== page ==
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An Afternoon with Robin Oh: From Carpentry to Entrepreneurial Mentorship

We recently spent some time with Robin Oh, our Sales and Business Development Lead, and an experienced educator in the field of entrepreneurship, to understand more about his background, and what having an entrepreneurial mindset means to him.

Q: How did you start out as an entrepreneur, and where did that journey take you?

Robin: Well, like many entrepreneurs, I started by testing out different ideas back in the day. I had quite an experimental phase, changing ideas almost every month, and it was a rollercoaster ride, to be honest. At times, it felt like I was lost in a maze of my own making, constantly questioning why I was diving into ideas I didn’t have much expertise in.

Eventually, I went back to my roots. Since I had a background in interior design from my poly days, I thought “why not start a furniture company?” The dream was simple: to create bespoke furniture in an industry devoid of young talent – and I’m grateful that I had a partner who was from the same background and was all for that idea.

Q: And where did that journey lead you?

Robin: After about a year and a half, we realised that being your own boss was less lucrative than we thought. However, we did gain some valuable contacts and clients – referrals via word of mouth that proved to be invaluable.

This led me to an opportunity with OneMaker Group, an organisation supporting the maker movement in Singapore, by building communities and prototyping commercialisable products. I took this opportunity to grow beyond what I was previously doing and moved into a leadership role, heading a team of five people across HR, operations, and innovation. It was a significant step up and broadened my perspective and involvement on the maker movement.

Q: For entrepreneurs, lessons can come from anywhere. What’s an unexpected lesson you learned in your trade?

Robin: Ah, there’s a story for this one. We once had a client request to turn recycled Malaysian railway wood into a coffee table, from a returning client who had a stash of rare wood. It was a challenging process as termites had damaged the wood, making it costly to restore. While the results could be better, this experience sparked a new unique selling proposition (USP) for our business to try: upcycling.

Inspired by upcycling brands like Freitag, which makes bags and accessories from used truck tarps, we started thinking along the same lines. We experimented with pallets, transforming them into furniture, and even looked at repurposing old art installations. Demand for our services surged, and we saved money on raw costs while differentiating ourselves in the market. It was a win-win.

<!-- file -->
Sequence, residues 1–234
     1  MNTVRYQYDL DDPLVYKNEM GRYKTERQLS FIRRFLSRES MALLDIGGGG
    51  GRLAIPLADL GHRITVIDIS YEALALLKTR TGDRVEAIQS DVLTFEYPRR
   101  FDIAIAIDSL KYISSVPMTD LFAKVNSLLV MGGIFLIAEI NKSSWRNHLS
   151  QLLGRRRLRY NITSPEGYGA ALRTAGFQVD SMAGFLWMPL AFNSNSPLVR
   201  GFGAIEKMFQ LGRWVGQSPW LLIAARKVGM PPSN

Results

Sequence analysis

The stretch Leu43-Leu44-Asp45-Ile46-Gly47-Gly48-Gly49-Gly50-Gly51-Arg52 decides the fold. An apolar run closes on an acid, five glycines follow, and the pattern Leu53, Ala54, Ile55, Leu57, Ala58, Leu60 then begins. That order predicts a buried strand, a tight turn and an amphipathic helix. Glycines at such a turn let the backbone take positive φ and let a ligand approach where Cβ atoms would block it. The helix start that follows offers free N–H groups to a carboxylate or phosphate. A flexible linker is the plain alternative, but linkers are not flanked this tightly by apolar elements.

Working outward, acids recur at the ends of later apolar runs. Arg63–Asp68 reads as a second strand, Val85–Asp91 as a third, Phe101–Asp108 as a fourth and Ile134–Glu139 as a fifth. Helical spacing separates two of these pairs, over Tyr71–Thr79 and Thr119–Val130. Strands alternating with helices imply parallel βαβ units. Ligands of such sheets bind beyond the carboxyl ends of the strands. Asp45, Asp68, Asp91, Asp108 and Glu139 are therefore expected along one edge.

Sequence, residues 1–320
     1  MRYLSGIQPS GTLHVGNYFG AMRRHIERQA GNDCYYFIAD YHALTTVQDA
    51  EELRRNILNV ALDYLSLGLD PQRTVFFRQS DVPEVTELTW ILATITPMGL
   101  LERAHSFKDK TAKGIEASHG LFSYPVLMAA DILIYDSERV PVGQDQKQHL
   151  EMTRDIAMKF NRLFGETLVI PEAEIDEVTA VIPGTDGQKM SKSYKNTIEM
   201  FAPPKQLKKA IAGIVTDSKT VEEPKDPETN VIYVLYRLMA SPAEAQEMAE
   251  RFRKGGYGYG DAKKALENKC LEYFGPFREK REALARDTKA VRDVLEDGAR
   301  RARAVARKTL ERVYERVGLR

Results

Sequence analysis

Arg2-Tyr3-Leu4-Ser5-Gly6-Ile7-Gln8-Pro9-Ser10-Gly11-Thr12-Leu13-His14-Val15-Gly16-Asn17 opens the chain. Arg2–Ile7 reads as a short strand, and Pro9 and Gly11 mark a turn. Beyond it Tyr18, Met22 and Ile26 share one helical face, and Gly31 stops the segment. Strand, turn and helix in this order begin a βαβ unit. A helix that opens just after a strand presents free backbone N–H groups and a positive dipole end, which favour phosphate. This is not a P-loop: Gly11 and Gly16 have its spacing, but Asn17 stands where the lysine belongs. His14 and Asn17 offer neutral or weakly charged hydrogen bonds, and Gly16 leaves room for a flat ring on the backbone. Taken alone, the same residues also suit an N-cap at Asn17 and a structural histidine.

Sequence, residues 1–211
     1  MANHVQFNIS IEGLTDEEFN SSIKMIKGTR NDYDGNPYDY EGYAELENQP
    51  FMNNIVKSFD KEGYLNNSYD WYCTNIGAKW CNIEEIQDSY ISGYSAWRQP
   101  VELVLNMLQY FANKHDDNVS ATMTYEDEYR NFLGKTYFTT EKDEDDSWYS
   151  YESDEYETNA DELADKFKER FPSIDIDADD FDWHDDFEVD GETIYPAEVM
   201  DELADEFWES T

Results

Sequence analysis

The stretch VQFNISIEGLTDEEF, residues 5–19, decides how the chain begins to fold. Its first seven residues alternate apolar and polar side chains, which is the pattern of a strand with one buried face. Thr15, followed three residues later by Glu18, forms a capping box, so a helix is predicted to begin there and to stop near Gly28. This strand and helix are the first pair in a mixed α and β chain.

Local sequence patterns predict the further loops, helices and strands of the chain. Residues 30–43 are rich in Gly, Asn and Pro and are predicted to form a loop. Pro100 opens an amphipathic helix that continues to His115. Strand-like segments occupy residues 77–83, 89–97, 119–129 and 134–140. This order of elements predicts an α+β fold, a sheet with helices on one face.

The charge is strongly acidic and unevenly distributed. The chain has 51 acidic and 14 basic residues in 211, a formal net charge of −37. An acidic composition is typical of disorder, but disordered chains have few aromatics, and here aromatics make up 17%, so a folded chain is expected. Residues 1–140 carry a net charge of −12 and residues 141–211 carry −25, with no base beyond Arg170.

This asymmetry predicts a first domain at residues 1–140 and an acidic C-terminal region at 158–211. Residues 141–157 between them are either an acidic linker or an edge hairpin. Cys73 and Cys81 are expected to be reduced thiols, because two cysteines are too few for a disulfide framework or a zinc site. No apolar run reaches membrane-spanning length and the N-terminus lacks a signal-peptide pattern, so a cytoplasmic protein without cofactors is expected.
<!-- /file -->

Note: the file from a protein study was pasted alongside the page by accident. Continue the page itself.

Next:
Upcycling Malaysian railway wood, “Sleeper wood”

Q: In the world of entrepreneurship, the term ‘entrepreneurial mindset’ also gets around a lot. What does having an entrepreneurial mindset mean to you?

Robin: For me, having an entrepreneurial mindset means being comfortable with the uncomfortable. When you get sucked into a routine, you stop learning. As an entrepreneur, you need to constantly experiment with new tools and technologies, combining your experiences to create something new. This is what sets you apart from others.

Q: Following your stint in entrepreneurship, we saw that you also went on to teach other entrepreneurs at the startup school, Reactor. In your opinion, what makes a workshop a successful one?

Robin: A successful workshop has two equally satisfying outcomes: those who realise that entrepreneurship is for them, and those who realise it’s not.

If someone discovers that this path of being an innovator isn’t for them, that’s perfectly fine by me too. It’s better to know early on than to dive in and regret it later. My job (which I take pride in), is to help students and clients find clarity in their life, whether that’s pursuing entrepreneurship or pursuing a different career altogether.

Running an overseas immersion programme for South Korean students

Q: On a lighter note, what’s a fun fact you’ve learned in your trade?

Robin: Carpentry is valued very differently in Australia compared to how it is in Singapore. In Australia, carpenters can command salaries as high as doctors. Imagine that!

Here in Singapore, though, it’s not as valued. This difference is largely due to space constraints — houses here are small, which limits the quality and build of furniture people can have. People also value function over design here, making the market for customised furniture small.

However, there are exceptions, like Roger & Sons, a local furniture brand which has managed to find their footing in the market by weaving their legacy as a homegrown family trade into their brand story and philosophy.

Q: Closing off this interview, what’s one saying you’d like to leave our readers with?

Robin: My mentor once said this to me, “In the world of the blind, the one-eyed man is king.” People don’t know what they don’t know. You don’t need to know everything, just a bit more than others. This mindset has been my guiding light. It’s like a game where you just need to stay a step ahead to win. And that one ‘step’ can simply involve having the guts to try something new while others are figuring out the basics.

So, don’t be afraid to unleash your innovative side. Take that first step, experiment with fresh ideas, and let your passion guide you. You might just discover that a little courage and creativity can set you miles ahead.


Robin’s unexpected journey from carpentry to helping other entrepreneurs find their ikigai is testament to the power of adaptability and being comfortable with the uncomfortable.

Ready to step out of your own comfort zone? Schedule a one-on-one consultation with us to discover how we can help you turn your ideas into reality.

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